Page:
When delivered with sincerity two of the most difficult sentences to speak are probably “I apologize” and “apology accepted” or another reasonable proxy of the pair. The first has one admitting to fault, where the second releases it. If only our lives were like the sitcoms where no matter the trouble husbands and wives, brothers and sisters, parents and their children, or co-workers get all the loose ends tied up in a matter of sixty minutes or less. Everyone hugs and the camera fades out.

Unfortunately admitting to and forgiving fault isn’t something most of us are good at. But when this exchange doesn’t occur that can create a toxic cycle inside an organization. But, how does an organization reach a state of honesty?

Pride must be put aside. The issue is that humans are savagely self-protective, it’s an evolutionary reaction to a threatening world. No longer is the danger an apex predator, but our image among our peers. None the less, we fight for it tooth and nail. So, breaking through pride is to against our instinct. It will be difficult. Second, one needs to not take things personally. Everyone makes mistakes. And most mistakes are hardly so terrible as to warrant defining a person.

We have to unburden ourselves of these very human experiences. Helping our peers and mentees realize that everyone needs to go through this process for the greater good is an essential activity for any leader.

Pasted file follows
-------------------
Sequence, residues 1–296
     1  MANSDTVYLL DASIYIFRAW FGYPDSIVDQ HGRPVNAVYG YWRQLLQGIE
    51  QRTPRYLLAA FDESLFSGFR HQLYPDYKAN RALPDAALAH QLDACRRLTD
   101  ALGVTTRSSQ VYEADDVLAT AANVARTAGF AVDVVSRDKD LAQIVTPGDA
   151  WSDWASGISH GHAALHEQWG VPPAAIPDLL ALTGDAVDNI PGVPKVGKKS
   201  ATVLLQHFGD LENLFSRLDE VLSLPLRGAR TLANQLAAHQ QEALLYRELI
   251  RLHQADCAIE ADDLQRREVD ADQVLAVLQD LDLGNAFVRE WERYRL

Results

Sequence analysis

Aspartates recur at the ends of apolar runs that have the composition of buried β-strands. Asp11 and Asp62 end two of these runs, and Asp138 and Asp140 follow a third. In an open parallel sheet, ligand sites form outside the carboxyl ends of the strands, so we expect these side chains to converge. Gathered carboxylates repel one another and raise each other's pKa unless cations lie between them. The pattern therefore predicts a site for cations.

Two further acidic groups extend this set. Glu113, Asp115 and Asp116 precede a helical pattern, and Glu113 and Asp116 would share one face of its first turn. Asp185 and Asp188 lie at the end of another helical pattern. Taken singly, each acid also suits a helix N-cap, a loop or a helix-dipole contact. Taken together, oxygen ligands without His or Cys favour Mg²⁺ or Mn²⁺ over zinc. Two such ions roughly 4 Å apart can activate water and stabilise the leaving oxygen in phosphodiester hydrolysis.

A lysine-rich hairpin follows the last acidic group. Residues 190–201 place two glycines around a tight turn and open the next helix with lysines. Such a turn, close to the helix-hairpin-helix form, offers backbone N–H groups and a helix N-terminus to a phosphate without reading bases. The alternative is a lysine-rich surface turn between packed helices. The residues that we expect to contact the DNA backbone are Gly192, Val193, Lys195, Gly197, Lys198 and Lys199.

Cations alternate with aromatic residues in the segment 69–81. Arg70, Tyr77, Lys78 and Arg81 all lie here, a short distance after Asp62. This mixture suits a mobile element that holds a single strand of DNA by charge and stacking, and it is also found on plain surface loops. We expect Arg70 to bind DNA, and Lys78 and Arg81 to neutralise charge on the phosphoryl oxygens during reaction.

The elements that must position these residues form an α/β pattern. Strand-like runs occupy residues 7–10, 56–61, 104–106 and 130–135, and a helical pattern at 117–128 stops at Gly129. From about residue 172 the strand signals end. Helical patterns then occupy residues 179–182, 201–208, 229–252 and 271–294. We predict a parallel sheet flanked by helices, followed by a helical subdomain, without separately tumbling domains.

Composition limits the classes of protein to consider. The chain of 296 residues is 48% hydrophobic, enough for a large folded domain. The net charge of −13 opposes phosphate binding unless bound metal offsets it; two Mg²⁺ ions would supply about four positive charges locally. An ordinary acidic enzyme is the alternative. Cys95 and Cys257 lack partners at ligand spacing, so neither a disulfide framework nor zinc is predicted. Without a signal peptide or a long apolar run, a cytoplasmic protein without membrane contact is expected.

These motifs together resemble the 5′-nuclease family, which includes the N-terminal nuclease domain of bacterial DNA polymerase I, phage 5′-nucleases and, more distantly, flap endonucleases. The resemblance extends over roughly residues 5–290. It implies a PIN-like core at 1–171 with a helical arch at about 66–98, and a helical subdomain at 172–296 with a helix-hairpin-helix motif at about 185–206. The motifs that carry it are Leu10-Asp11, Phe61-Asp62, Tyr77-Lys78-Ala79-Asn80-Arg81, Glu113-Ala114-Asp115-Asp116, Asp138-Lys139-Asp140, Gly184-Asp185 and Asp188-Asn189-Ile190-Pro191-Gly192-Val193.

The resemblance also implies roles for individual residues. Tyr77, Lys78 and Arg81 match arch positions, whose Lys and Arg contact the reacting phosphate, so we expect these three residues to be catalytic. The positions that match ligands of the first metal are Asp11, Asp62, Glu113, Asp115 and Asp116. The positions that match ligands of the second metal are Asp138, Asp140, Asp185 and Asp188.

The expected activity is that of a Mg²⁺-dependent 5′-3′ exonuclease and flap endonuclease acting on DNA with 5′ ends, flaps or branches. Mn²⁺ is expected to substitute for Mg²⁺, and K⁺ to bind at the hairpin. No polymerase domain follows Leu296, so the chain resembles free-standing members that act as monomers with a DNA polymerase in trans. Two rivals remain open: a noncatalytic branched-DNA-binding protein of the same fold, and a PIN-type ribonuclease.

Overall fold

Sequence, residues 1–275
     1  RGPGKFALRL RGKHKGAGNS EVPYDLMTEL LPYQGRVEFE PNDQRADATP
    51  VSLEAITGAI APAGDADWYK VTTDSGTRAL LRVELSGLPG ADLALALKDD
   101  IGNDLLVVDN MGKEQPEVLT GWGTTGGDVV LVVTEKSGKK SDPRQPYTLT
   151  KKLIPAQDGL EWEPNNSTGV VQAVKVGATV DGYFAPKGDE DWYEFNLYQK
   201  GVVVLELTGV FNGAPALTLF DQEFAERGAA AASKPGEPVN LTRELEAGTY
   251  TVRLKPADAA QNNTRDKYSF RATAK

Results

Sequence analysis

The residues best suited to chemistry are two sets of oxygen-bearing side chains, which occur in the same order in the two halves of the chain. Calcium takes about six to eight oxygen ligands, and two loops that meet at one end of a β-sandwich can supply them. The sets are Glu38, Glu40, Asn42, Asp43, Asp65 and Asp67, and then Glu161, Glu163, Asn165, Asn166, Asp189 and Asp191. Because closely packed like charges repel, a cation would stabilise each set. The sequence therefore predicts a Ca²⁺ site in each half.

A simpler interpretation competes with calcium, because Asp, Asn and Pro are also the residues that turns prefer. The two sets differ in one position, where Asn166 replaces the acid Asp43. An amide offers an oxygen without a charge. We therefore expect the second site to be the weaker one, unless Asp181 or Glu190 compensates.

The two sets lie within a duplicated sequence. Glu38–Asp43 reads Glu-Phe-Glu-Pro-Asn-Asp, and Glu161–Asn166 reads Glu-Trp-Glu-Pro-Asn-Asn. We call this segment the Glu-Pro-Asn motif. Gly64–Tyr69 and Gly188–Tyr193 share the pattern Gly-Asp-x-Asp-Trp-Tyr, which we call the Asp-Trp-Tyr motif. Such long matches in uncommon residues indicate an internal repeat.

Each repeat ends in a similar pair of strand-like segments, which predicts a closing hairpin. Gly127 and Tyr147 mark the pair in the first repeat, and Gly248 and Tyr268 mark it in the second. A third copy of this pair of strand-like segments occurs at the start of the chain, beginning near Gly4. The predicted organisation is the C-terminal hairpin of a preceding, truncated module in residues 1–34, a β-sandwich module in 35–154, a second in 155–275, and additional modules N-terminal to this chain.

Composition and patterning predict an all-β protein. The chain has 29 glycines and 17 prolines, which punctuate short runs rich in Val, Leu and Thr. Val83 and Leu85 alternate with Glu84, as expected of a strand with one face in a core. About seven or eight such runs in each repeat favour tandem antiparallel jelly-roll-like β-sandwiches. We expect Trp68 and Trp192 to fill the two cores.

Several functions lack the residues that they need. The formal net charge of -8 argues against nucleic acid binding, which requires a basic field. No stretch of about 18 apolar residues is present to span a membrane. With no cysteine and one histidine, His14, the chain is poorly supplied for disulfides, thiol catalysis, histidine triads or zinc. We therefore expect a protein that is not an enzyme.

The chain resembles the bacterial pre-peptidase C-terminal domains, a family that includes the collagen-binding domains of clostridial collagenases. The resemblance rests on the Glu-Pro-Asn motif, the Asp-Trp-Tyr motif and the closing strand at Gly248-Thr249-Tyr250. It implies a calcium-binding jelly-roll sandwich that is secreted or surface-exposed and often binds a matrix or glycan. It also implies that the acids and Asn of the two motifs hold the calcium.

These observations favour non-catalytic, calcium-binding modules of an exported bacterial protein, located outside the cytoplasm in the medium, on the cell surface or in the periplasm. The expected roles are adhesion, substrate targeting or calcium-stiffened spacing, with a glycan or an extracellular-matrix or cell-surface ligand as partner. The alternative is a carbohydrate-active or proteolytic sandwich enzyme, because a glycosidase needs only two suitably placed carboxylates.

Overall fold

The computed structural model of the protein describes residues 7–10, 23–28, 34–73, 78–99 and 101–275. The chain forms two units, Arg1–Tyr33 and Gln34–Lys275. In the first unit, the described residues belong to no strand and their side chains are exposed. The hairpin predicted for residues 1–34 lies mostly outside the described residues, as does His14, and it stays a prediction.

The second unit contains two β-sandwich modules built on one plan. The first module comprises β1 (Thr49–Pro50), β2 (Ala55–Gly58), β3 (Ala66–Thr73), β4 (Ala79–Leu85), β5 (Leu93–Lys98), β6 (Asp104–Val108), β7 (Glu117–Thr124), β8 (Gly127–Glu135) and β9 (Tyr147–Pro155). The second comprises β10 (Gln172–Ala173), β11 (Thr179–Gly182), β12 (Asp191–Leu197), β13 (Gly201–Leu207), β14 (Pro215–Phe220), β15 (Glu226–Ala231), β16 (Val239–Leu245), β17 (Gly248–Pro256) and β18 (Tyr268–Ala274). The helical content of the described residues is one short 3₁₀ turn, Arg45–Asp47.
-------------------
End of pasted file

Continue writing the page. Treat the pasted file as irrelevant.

Rethinking Meetings Part 3

Another way to make meetings more effective is to make sure the leader isn’t doing all the talking. Meeting leaders tend to rate meetings as more effective than attendees; likewise, other research shows that those who talk most at meetings rate them more highly than others. A meeting should never be just one person talking—you may have heard the joke “this meeting could have been an email.” Well, if it is just one person talking is this entirely wrong?

If you think you are doing too much talking during a meeting, you probably are.

Meetings should be interactive, everyone in the room should be there for a reason and that should be to provide some kind of feedback or input. Meetings should have any spectators, only participants.

Speaking of activity, walking meetings are an interesting trend for 3-4 people sized meetings. They are a change of pace and may even allow participants to get into the outdoors.

Companies like LinkedIn and Johnson & Johnson have made walking meetings a part of their corporate culture. They get the blood moving and most people feel more energized and engaged because of the physical activity.

If you are at home you can try getting on a treadmill or other appropriate exercise machine, walking around your yard or neighborhood.

Remember that all of this applies to both face-to-face and virtual meetings. Give the same respect to people’s time which ever kind of meeting you are planning.